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Wizards dump Knicks in Beal’s return from injury

Stats, analysis and commentary

Washington Wizards v New York Knicks Photo by Dustin Satloff/Getty Images

After missing eight of the team’s last nine games, Bradley Beal returned to the lineup and led the Wizards to a road win against the New York Knicks.

Beal turned in a stellar performance and got abundant help from starters, the bench, and the Madison Square Garden Bricklayers and Allied Craftworks. The whole game felt like one of those games where the opponent misses open shots for three quarters but stays close enough to heat up and steal a win. Not last night, though. The Knicks kept firing blanks, and the Wizards coasted home with an 11-point win.

Good Stuff

  • Beal came back with 18 points on 11 field goal attempts, as well as 4 rebounds, 4 assists, a block and just 2 turnovers.
  • Monte Morris hit shots, hit the boards, and hit teammates with assists. He ended the night with 13 points, 7 rebounds, 5 assists and his usual zero turnovers.
  • Kyle Kuzma’s overall efficiency was a bit below average (109 in a game where the team’s offensive rating was 121), but his defense was decent, he grabbed some rebounds, and he had 7 assists to 4 turnovers.
  • Delon Wright had 2 steals and 2 blocks in 22 minutes. Among players with at least 300 total minutes, Wright leads the NBA with 4.9 steals per 100 team possessions. He’s third in steals per game despite playing only about 20 minutes per game. The two guys ahead of him: OG Anunoby (36.9 minutes per game) and Jimmy Butler (34.4 mpg).
  • Deni Avdija played well. His shooting percentage got lowered a bit with some missed tip-in opportunities in the fourth quarter, but throughout the night, he played with the right mix of aggression and patience.

Not So Good Stuff

  • Rui Hachimura’s name appeared in pregame rumors of trade talks and then shot 0-7 from the floor, including 0-6 from three-point range. As I’ve written before, Hachimura’s contributions are almost exclusively based on whether or not he makes shots. Last night was no exception — just 1 rebound and 1 assist in 20 minutes. He also committed a turnovers and 3 fouls.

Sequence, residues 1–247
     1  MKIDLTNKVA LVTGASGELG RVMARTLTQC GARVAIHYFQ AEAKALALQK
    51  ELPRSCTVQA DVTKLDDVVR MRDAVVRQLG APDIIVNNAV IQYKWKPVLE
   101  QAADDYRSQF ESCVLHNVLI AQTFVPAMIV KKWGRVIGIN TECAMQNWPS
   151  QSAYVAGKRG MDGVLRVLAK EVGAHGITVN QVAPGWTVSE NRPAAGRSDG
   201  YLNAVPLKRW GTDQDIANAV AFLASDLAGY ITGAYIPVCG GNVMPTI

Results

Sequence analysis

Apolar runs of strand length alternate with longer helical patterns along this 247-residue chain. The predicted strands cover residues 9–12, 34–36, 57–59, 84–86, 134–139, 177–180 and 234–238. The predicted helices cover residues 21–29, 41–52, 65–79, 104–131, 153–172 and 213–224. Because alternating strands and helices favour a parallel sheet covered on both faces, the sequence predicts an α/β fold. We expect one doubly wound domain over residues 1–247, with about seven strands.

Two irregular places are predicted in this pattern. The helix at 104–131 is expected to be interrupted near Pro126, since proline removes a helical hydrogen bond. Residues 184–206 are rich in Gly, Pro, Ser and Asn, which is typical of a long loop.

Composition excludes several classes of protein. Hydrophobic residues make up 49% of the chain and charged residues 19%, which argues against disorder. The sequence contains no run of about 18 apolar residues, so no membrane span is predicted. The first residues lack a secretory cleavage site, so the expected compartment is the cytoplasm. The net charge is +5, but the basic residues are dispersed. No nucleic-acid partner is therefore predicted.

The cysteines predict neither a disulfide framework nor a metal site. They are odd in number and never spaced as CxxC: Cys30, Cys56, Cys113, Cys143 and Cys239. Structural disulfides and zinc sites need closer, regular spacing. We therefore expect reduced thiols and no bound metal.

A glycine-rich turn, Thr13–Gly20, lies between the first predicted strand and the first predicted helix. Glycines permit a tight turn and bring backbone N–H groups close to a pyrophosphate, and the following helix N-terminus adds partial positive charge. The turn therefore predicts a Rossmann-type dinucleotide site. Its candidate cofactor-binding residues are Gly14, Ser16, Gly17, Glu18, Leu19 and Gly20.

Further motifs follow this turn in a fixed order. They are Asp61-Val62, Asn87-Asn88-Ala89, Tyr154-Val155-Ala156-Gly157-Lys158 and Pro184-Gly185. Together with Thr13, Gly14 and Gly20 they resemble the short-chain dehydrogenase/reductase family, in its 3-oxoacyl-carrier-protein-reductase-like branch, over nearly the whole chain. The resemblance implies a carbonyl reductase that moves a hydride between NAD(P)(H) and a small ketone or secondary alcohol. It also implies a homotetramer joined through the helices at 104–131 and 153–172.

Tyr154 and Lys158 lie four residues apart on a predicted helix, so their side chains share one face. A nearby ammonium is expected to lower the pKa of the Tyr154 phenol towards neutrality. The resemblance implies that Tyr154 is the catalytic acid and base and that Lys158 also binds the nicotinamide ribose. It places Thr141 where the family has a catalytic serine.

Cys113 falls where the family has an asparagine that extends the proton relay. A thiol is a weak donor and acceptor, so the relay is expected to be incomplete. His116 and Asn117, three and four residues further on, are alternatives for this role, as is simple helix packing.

Other Stuff

  • I’ve been trying, but outside carefully selected highlights, I don’t see what’s so wonderful about RJ Barrett. He’d be on my All-Overrated team.
  • A friend told me Drew Gooden was doing a better job lately, so I switched to the Wizards broadcast for the second half to hear for myself. And, my friend was right! Gooden still comes off as a doofus, but he also dropped in that the team had run a double drag (two consecutive ball screens set by different screeners — this often is done in semi-transition because it’s a good way to incorporate trailers and quickly initiate a half court set).
  • On the other hand, Chris Miller needs a basketball tutor. Here’s a partial list of stuff for him to learn: the difference between an up-and-under and a reverse layup and a Euro step vs. a step through. He also needs to know what the parts of the floor are called. Like: free throw line, free throw line extended, elbow, corner, wing. Like, the break in the three-point line is not the corner. Taking a jump shot from the free throw line isn’t “free throw line extended.” The elbow isn’t “mid post.” Views may vary, but I don’t think it’s too much to ask that a professional basketball announcer be able to correctly identify spots on the floor and common basketball moves.